The Centers for International Projects Trust has undertaken various low cost technological innovations to reduce the amount of water used for the production of rice and wheat in India. Such innovations not only reduce water usage in agriculture but also make farmers less vulnerable to climate variability, especially as it relates to the monsoon season.
The Earth Institute is grateful to its many partners for their important role in the effort to develop the science and solutions necessary for sustainable development. Please visit the interactive digital 2013 Annual Report to read more about how we are forging partnerships across disciplines and sectors to advance the global effort to guide our planet onto a path toward sustainability.
The International Research Institute for Climate and Society and the U.S. Agency for International Development will launch a new set of training webcasts geared for development professionals who want to be more fluent in the science that underpins their climate change adaptation projects.
Recent trainings in Senegal have improved trust between farmers and researchers, leading to increased use of climate forecasts and other information.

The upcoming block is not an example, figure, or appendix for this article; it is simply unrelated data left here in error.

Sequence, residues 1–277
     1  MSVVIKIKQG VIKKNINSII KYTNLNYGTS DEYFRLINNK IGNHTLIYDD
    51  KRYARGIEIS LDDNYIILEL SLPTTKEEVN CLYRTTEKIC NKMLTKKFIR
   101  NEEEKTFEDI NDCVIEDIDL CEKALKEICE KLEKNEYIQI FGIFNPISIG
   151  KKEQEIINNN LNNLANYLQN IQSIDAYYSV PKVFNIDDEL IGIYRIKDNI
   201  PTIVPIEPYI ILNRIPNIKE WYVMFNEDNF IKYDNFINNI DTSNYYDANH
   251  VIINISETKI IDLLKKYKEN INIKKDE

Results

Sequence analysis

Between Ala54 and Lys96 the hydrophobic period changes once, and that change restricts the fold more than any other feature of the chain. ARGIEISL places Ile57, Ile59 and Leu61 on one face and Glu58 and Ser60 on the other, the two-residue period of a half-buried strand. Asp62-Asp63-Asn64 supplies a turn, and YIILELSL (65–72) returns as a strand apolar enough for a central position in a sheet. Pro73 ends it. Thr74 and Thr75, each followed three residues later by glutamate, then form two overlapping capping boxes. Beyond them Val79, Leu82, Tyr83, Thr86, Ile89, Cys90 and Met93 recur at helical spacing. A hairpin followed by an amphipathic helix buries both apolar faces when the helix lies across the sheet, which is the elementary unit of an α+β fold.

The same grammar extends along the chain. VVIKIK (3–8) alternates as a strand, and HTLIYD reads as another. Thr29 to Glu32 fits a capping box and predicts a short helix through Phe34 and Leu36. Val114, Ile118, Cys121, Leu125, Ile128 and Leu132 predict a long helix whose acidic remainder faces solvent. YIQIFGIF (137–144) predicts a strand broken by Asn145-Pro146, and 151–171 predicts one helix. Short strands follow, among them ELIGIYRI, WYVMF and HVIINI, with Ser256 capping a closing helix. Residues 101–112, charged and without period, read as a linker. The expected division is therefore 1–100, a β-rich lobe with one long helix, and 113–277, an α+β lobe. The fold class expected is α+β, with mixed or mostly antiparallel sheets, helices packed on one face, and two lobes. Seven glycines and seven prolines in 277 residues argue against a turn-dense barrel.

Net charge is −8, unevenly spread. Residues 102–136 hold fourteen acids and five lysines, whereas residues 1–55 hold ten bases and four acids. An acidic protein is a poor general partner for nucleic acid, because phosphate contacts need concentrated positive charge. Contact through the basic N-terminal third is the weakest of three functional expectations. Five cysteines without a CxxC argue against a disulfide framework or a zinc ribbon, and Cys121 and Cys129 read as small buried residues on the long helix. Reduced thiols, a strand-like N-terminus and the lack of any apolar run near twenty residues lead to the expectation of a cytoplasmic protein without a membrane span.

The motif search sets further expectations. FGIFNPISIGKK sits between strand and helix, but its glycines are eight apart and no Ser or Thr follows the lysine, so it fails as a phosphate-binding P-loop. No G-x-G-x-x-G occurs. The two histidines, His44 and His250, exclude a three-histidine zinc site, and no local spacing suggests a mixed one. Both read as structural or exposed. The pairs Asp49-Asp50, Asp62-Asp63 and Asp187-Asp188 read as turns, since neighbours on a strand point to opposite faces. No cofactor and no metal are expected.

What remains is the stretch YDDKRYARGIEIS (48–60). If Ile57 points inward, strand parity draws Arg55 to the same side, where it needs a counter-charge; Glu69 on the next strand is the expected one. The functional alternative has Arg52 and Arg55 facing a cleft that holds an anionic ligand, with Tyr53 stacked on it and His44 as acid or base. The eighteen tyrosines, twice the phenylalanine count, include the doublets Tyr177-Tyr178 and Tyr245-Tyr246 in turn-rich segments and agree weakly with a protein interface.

Two Climate and Society students are working on a NASA DEVELOP project at the International Research Institute for Climate and Society. Learn about the research and visit their virtual posters.
Phosphorus is essential to human health and vital for food production. But are we using up phosphorus faster than we can economically extract it?
Watch a video about the Columbia Water Center’s project to address a looming water crisis in north Gujarat, India.
Thanks to a groundbreaking new program that relies on advanced satellite technology, a weather index insurance payout of unprecedented scale will benefit poor African farmers.
In this Q&A, Arthur M. Greene discusses improving climate and agricultural modeling in South America using a new stochastic simulation of future climate.
Two acres of cracked earth. In northern Ethiopia, it can be a trap that keeps farmers tethered to it for generations. Or it can be a springboard to a better life for this and future generations. What impedes it from showing its springier qualities? You could argue the biggest pressure on the land comes from the sky above it.